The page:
The fact that top judges have said they are planning to meet with President Morsi is a hopeful sign. Of course, after all the hard feelings, I am not sure what could come from that. The journalists union may call a strike; there were fist fights and loud yelling matches in the journalists’ union building yesterday. The organization that represents a lot of the fellahin or peasant farmers in Egypt stated its anger at Morsi’s decrees by saying the servitude of the peasants was over. The younger people are still fired up. The ULTRAs, the soccer fans for Ahly, Zamalek and others who were a major part of the disturbances and demonstrations since the early days of the revolution are also out in the streets again and looking for a fight.
The Muslim Brotherhood has called for a pro-Morsi demonstration. The anti-Morsi groups have called for other demonstrations. The offices of the Muslim Brotherhood have been attacked in many areas, including in Damanhour in Behaira Province, where one really would not expect such violence. A 15-year-old boy died in that attack.
Those thinking about investing in Egypt will likely shy away even more. Tourism will be shattered if this does not settle down soon. The winter season is the most important for tourism in Egypt. The IMF loan and some of the foreign aid packages for Egypt could also be in jeopardy. Capital flight is likely to increase. Unemployment and inflation are likely to get worse. The sense of hope in the county will likely be worsened. This is most important for the youth in the country. They have mostly very hard, impoverished and frustrating lives. They are also the demographic that could drive the country into another revolution for the poor, the unemployed and the hungry.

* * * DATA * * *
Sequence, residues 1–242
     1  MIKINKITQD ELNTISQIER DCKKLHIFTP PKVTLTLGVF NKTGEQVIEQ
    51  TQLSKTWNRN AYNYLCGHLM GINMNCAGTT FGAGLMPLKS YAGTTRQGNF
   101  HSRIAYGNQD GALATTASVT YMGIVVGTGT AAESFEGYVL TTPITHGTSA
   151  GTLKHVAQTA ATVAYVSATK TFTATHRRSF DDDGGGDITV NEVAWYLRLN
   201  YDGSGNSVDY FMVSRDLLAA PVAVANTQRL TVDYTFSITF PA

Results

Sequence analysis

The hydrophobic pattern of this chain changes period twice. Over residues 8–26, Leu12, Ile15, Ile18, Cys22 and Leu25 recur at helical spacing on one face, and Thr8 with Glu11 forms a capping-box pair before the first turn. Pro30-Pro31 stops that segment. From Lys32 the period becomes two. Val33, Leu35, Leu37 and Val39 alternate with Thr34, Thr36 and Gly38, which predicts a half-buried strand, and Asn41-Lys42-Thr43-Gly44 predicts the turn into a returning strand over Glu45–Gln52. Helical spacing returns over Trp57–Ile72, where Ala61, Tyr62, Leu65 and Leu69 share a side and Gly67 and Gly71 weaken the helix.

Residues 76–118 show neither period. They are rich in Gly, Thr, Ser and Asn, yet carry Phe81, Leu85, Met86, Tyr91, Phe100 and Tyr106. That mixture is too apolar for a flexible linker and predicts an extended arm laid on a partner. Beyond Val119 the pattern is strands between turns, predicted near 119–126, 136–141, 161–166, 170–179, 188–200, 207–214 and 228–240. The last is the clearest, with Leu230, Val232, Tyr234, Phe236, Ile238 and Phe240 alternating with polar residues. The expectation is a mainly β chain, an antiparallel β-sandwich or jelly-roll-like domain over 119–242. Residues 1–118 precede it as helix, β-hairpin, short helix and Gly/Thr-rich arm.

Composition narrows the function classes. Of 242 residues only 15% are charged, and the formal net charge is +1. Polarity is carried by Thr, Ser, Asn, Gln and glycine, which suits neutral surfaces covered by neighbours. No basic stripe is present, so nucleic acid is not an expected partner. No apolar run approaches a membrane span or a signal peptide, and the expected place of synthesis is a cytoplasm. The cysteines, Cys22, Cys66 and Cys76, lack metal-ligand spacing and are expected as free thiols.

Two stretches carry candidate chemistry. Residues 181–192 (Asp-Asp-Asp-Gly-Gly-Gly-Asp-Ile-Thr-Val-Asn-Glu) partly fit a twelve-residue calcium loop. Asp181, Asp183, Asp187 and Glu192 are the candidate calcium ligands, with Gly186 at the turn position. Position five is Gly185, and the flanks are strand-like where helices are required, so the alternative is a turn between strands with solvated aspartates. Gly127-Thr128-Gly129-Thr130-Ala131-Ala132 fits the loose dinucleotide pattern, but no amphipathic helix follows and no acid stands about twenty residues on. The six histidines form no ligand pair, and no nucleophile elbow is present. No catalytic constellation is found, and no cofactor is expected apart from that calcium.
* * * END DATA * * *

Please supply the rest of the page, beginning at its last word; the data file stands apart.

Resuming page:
A cold wind indeed has come to Egypt.
One can hope that the cold winds will subside and warm a bit before the politics of Egypt freezes over into immovable camps. One can hope that there will be true dialogue and a moving forward for the country in many ways.
The revolution was the greatest event to take place in a very long time for most Egyptians. Many died and even more were injured. A post-revolution Egypt needs to be for all Egyptians, as many in the opposition have stated.
The Muslim Brotherhood should be listening and listening hard to what is going on. Winning a hair-thin election is not a mandate. There are many people in Egypt — all over Egypt — who do not like and do not trust the Muslim Brotherhood. Their time in power could be very short if they do not respond to the calls for equity, inclusiveness and great open-mindedness. Many also see the Morshid, the spiritual leader of the Muslim Brotherhood, Mohammed Badei, as the man behind many of the decisions made by President Morsi. This is proving to be very dangerous for the stability of Egypt.
Egypt is a complex country facing a very challenging future. If it cannot move towards democracy and prosperity in a more stable and efficient way, great trouble lies ahead. The cold winds of November 2012 could be warm in comparison to what’s waiting.
Sawt means voice and vote in Arabic. If positions in Egypt harden and more and more people are left behind or shoved aside, the voices of even the so-far-silent could get much louder.
– Paul Sullivan is an internationally recognized expert on security issues including energy security, water security and food security in the Middle East and North Africa. He is an economist by training and a multidisciplinary public intellectual by choice. He is an Adjunct Professor of Security Studies at Georgetown University.